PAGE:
It turned out that if the genny was hooked up to the water pump's breaker #26, then I serendipitously got the half of the distribution panel that included everything else I needed. File that knowledge away for another rainy, windy day.

After these exertions, I'd begun to recover my appetite, so I went in for some supper. The genny didn't cooperate, however, and before I was half-way through supper it died, and the house went dark. I finished my supper in the dark.

I figured I could probably get the genny running again when Aimee came home.

That was when I looked down the road and saw neighbor Kelly's yard light on. Kelly doesn't have a generator. The power must be back on.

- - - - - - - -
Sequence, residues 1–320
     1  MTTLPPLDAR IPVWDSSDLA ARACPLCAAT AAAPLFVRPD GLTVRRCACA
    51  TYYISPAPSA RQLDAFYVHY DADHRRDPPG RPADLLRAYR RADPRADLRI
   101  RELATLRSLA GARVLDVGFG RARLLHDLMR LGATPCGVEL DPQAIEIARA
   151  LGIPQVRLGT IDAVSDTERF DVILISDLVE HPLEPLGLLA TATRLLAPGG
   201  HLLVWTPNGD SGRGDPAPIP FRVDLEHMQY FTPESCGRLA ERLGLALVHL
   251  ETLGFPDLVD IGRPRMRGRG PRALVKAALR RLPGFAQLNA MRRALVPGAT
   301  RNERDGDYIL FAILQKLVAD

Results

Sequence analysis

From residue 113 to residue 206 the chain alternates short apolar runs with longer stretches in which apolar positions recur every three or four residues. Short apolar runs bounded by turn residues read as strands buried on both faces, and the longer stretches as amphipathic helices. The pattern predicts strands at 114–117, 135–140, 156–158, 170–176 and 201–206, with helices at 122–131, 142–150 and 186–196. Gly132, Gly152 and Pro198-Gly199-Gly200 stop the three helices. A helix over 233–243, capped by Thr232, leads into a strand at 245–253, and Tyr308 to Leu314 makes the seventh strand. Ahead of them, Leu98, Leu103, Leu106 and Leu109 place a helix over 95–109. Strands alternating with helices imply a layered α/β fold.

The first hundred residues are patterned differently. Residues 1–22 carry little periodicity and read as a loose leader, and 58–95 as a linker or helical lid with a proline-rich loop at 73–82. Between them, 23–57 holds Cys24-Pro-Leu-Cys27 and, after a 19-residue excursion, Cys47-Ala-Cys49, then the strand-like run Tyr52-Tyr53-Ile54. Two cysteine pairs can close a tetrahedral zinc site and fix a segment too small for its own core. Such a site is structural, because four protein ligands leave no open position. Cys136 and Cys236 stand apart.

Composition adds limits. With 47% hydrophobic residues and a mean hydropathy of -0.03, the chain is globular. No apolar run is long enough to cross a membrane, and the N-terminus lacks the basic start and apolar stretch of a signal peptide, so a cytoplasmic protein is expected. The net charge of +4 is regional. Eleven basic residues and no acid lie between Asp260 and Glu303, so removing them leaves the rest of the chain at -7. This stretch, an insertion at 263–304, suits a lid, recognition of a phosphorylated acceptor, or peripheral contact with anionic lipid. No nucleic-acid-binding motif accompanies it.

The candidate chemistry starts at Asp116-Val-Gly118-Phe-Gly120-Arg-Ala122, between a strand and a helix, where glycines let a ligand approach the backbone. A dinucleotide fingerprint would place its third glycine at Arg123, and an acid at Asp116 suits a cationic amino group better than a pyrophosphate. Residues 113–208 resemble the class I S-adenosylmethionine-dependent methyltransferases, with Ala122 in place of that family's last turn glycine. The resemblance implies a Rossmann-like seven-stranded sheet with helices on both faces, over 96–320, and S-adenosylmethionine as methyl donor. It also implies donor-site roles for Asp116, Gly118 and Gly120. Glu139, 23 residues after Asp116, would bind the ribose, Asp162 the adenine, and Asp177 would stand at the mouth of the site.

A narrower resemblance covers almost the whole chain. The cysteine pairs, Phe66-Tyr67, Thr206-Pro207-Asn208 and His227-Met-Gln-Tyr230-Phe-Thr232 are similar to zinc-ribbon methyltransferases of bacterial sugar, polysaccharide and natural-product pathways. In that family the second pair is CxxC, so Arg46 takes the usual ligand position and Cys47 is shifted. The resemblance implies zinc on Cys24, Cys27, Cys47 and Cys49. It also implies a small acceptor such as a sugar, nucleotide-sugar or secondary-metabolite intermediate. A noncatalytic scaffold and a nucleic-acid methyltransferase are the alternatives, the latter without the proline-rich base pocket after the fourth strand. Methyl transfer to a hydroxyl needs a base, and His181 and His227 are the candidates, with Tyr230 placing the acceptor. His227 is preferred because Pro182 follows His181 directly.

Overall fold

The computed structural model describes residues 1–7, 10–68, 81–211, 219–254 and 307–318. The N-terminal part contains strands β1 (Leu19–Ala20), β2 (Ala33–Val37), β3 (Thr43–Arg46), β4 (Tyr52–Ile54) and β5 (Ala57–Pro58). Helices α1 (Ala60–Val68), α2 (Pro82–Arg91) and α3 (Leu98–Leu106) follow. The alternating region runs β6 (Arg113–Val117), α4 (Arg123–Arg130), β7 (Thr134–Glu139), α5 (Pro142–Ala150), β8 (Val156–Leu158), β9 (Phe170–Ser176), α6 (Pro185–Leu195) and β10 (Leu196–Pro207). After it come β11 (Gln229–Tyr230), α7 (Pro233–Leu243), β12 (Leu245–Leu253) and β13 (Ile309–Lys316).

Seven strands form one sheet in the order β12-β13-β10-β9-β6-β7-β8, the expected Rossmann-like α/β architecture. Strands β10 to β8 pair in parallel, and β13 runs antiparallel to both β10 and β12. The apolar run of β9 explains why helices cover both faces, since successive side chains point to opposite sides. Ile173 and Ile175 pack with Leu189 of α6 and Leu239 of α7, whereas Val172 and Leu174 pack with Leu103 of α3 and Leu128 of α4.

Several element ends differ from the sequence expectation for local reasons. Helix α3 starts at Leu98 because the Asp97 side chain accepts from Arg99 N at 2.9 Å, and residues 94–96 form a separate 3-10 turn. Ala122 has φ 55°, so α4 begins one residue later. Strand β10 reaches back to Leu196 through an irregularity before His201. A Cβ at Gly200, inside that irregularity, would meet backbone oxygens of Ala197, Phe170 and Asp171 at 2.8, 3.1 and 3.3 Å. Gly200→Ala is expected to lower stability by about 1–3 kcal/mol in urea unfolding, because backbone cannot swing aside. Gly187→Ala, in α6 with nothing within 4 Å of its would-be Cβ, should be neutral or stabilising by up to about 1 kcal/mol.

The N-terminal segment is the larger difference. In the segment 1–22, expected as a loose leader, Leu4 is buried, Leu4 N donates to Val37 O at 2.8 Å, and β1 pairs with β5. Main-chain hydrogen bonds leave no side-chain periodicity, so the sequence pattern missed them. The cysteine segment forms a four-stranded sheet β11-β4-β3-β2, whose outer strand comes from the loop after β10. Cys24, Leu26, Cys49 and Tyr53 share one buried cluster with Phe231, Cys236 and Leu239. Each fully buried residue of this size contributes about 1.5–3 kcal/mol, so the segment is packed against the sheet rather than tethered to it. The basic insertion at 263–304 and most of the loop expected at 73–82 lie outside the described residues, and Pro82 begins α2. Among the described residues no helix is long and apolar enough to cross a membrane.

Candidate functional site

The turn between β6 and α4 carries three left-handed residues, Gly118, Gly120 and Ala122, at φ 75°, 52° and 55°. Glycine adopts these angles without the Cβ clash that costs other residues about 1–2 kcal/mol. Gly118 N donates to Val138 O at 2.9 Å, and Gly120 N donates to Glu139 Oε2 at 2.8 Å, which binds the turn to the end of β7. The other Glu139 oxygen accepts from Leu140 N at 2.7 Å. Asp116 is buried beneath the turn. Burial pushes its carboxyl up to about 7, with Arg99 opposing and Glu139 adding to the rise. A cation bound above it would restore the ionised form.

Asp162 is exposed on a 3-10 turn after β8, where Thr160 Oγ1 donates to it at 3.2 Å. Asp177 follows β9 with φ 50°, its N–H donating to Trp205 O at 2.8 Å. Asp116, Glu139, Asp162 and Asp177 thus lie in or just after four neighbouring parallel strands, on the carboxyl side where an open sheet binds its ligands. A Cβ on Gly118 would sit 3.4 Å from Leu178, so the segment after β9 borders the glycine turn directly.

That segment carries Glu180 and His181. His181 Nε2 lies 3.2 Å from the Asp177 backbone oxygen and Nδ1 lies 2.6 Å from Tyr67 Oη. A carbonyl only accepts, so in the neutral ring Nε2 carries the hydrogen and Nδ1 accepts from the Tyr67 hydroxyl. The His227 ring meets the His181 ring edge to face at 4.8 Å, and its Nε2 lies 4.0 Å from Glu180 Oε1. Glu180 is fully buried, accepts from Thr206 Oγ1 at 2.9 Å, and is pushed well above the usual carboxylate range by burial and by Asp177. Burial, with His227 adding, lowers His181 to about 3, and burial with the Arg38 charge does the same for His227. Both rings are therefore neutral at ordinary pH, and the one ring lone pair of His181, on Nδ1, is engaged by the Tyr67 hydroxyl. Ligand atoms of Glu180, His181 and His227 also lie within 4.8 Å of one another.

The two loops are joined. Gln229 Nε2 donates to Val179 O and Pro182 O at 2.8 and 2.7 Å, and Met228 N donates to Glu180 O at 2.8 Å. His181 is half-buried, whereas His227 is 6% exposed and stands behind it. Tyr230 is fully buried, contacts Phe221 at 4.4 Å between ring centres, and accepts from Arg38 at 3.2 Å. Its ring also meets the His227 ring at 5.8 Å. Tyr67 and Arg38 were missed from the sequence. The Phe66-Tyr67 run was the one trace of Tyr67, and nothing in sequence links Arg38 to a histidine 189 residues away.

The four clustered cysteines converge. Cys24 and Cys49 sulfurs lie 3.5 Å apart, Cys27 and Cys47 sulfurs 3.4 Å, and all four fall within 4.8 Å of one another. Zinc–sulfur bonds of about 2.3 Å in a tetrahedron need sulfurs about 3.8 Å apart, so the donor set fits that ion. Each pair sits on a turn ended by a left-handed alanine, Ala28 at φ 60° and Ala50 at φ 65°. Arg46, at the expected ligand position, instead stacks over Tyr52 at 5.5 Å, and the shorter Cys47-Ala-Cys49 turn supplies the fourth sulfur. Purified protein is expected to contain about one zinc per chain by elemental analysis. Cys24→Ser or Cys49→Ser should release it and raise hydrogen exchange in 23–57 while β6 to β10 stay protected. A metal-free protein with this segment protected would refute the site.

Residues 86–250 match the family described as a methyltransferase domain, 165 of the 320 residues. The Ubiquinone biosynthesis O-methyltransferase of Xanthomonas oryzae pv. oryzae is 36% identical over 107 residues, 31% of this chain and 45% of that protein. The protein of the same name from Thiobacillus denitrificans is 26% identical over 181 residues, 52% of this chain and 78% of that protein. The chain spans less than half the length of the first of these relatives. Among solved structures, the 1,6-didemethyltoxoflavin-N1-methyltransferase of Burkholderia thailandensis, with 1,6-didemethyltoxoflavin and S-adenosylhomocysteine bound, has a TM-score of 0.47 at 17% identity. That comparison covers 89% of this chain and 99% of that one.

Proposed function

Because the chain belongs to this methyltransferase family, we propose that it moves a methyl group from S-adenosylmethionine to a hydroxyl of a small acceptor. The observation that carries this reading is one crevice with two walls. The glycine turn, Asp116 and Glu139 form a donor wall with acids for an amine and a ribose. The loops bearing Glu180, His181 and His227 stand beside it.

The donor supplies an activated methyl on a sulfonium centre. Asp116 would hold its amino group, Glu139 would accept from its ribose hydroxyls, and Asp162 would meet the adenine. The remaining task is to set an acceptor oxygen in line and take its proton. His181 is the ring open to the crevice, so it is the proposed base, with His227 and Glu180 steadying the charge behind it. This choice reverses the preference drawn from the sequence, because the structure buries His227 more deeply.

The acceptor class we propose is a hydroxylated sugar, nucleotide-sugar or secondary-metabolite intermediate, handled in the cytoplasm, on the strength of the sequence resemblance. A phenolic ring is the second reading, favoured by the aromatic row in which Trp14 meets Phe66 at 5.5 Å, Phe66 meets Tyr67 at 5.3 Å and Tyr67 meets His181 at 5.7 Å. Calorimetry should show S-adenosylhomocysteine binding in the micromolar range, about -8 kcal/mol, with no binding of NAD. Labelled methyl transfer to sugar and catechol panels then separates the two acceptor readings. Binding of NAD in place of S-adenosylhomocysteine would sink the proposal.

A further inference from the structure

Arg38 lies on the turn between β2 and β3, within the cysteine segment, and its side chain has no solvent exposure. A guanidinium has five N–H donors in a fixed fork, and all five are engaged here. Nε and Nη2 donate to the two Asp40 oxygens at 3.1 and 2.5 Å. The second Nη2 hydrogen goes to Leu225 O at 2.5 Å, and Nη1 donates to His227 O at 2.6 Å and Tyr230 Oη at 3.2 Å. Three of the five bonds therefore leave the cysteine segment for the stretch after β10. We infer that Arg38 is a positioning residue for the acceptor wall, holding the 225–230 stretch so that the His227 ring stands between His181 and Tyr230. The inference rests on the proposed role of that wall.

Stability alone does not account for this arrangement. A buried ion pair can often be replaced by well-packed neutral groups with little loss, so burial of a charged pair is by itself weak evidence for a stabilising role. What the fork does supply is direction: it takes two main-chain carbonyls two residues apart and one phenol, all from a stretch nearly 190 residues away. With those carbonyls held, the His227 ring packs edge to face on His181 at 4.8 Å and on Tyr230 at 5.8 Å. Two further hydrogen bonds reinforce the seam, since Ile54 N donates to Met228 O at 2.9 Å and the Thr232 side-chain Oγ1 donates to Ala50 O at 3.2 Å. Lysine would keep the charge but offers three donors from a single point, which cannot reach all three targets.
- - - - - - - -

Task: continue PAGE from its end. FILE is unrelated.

It took only a few seconds to disconnect the genny wires, throw the main breaker and all the subsidiary breakers, and lo!, the miracle of electricity returned to Womerlippi-ville.

The next day, Friday, I struggled in to work and managed to get through a whole day, but I'm still not 100%. I don't have that nasty fever though, so I can function, more or less.

Aimee says it's not the flu, can't be, or I'd be worse than I am.

It must be the "man flu."


I'd like to see her sort that genny with the girl flu!